“The gap between the playing levels of many teams is not as great as it used to be,” Leitch says. “Among the top eight nations, right now, maybe France and Ireland are the two stand-out teams. But in World Cups, upsets can happen, as we’ve seen, and on any given day, any of the top teams can beat each other.”

Level of play in Japan has risen

The level of play in Japan at club level has definitely risen in the past few years, Leitch says.

“One factor is the quality of foreign coaches now in League One. When I first started, there were maybe just Robbie Deans and Eddie Jones, but now we have former All Blacks coach Steve Hanson, Wayne Smith, Dave Rennie, as well as many current international superstars playing at the various clubs, which is making Japanese rugby more competitive.”

This has led to some criticism that there are too many foreign players in both the clubs and the national team.

“I know some people say that, but I don’t think there should be a cap on the number of foreign players in each team,” Leitch says. “It’s a trend now. Many national teams have foreign-born players. New Zealand and Australia have Pacific island players, and Ireland does, too. The Japanese team is a representation of how the game is going internationally. We’ve created a hybrid team.”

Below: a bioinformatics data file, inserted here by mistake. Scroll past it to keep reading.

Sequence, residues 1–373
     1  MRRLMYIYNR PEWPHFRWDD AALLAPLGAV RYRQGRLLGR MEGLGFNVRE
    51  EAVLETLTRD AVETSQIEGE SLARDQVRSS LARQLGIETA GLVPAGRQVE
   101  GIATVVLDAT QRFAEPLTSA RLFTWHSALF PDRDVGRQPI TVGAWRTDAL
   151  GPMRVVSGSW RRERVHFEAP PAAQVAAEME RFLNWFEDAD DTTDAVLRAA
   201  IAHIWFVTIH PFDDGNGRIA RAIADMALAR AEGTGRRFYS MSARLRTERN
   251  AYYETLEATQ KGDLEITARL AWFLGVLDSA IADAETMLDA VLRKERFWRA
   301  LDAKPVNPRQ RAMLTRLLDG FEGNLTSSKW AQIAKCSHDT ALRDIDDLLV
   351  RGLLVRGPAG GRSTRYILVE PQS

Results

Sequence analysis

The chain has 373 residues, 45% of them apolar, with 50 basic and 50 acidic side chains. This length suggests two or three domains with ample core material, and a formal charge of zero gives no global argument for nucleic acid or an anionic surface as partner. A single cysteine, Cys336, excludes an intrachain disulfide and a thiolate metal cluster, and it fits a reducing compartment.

Furthermore, some Japanese players are going overseas and are coming back much more mature and tougher.

“I would like to see more opportunities for Japanese players to go abroad,” Leitch says. “Unfortunately, the way the season works out makes it difficult. The calendar gets crowded. I remember one year, I played for three teams and that was hectic.”

While Leitch is focused on the Rugby World Cup, he is happy to do what he can to nurture the game at the grass roots level, by giving rugby clinics at schools and universities.

“When Japan does well on the national stage, that can help inspire young kids to play the game. Look at the effect Japan’s victory in the World Baseball Classic will have on kids wanting to play baseball. One challenge at school level, though, is that the population of kids in many regions is getting smaller and that affects all sports.”

Leitch is not sure what the future holds. But he is settled in Japan.

“I thought I’d miss living in New Zealand but I don’t. It’s a great place to visit but after three weeks, I get bored and want to come back to Japan. I go back to see my parents in Fiji sometimes, but otherwise, I don’t do much traveling. After I retire, I’d like to see more of Asia.”

When he has some spare time, he is likely to be with his mates at a darts pub near his home or at the horse races. He also has a home page at https://michaelleitch.com to keep fans updated on his activities.

For the next six months, however, Leitch is remaining focused on France. And nothing would give him greater pleasure than for he and his teammates to hoist the William Webb Ellis trophy after the World Cup final at the Stade de France on Oct. 28.

© Japan Today

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Japan is going to need more than attitude to win the world cup.

7 ( +10 / -3 )

I give them about as much chance as I would the Japanese men's soccer team winning the World Cup, lol not happening folks! Good luck anyways though!

4 ( +4 / -0 )

Attitude is not going to beat the likes of the Kangaroos...

You got your codes mixed up.

3 ( +3 / -0 )